Table of Contents
Journal of Petroleum Engineering
Volume 2016 (2016), Article ID 1708929, 14 pages
http://dx.doi.org/10.1155/2016/1708929
Research Article

Effect of Pore-Scale Heterogeneity and Capillary-Viscous Fingering on Commingled Waterflood Oil Recovery in Stratified Porous Media

Petroleum Engineering Department, The Petroleum Institute, Abu Dhabi, UAE

Received 23 February 2016; Accepted 4 May 2016

Academic Editor: Chih-Ming Kao

Copyright © 2016 Emad W. Al-Shalabi and B. Ghosh. This is an open access article distributed under the Creative Commons Attribution License, which permits unrestricted use, distribution, and reproduction in any medium, provided the original work is properly cited.

Abstract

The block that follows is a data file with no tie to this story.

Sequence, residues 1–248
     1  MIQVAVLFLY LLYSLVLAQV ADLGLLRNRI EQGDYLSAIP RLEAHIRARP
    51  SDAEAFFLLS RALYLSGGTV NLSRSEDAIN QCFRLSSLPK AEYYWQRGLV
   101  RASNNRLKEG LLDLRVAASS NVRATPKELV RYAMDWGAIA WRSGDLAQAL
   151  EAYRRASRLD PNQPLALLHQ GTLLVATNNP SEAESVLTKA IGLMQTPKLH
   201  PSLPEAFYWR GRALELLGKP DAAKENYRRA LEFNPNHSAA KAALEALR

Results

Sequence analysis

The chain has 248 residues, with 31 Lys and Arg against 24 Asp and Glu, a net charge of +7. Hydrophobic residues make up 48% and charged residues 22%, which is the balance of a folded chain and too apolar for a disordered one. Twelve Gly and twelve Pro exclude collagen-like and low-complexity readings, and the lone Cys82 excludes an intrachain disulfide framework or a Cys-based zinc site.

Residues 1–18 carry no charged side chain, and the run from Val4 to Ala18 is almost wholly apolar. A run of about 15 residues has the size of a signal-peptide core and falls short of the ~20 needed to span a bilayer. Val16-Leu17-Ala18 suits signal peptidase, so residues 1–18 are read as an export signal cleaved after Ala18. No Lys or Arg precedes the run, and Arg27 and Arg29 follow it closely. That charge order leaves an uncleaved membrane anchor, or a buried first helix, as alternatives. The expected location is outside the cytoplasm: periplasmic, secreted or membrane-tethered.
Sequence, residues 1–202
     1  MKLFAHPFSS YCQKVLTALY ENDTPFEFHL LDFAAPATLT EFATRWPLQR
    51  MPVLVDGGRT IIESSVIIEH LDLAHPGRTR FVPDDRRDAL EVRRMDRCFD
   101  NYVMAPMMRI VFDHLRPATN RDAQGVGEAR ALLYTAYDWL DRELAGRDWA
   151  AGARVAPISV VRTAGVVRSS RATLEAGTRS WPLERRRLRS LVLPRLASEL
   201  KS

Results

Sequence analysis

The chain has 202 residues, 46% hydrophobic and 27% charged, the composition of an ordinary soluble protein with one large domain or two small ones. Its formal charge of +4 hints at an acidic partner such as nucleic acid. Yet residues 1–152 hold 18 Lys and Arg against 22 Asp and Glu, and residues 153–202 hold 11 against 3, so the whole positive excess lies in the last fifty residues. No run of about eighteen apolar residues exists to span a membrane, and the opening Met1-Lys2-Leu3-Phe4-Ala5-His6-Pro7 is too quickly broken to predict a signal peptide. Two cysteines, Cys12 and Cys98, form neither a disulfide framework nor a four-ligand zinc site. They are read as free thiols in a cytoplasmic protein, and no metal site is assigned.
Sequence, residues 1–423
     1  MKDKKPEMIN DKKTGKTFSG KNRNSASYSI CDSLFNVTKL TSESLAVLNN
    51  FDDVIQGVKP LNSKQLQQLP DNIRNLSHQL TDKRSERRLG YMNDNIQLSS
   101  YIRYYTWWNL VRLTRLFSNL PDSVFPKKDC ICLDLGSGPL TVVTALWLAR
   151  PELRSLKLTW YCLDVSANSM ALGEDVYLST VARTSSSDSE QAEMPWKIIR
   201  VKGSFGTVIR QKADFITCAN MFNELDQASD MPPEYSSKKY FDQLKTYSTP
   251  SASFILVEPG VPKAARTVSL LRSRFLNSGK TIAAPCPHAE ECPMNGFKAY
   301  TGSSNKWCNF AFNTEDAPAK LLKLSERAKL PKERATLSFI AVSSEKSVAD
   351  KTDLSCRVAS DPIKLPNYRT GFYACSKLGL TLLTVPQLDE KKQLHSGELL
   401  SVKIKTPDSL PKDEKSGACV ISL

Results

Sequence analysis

Oil recovery prediction and field pilot implements require basic understanding and estimation of displacement efficiency. Corefloods and glass micromodels are two of the commonly used experimental methods to achieve this. In this paper, waterflood recovery is investigated using layered etched glass micromodel and Berea sandstone core plugs with large permeability contrasts. This study focuses mainly on the effect of permeability (heterogeneity) in stratified porous media with no cross-flow. Three experimental setups were designed to represent uniformly stratified oil reservoir with vertical discontinuity in permeability. Waterflood recovery to residual oil saturation () is measured through glass micromodel (to aid visual observation), linear coreflood, and forced drainage-imbibition processes by ultracentrifuge. Six oil samples of low-to-medium viscosity and porous media of widely different permeability (darcy and millidarcy ranges) were chosen for the study. The results showed that waterflood displacement efficiencies are consistent in both permeability ranges, namely, glass micromodel and Berea sandstone core plugs. Interestingly, the experimental results show that the low permeability zones resulted in higher ultimate oil recovery compared to high permeability zones. At microheterogeneity and fingering are attributed for this phenomenon. In light of the findings, conformance control is discussed for better sweep efficiency. This paper may be of help to field operators to gain more insight into microheterogeneity and fingering phenomena and their impact on waterflood recovery estimation.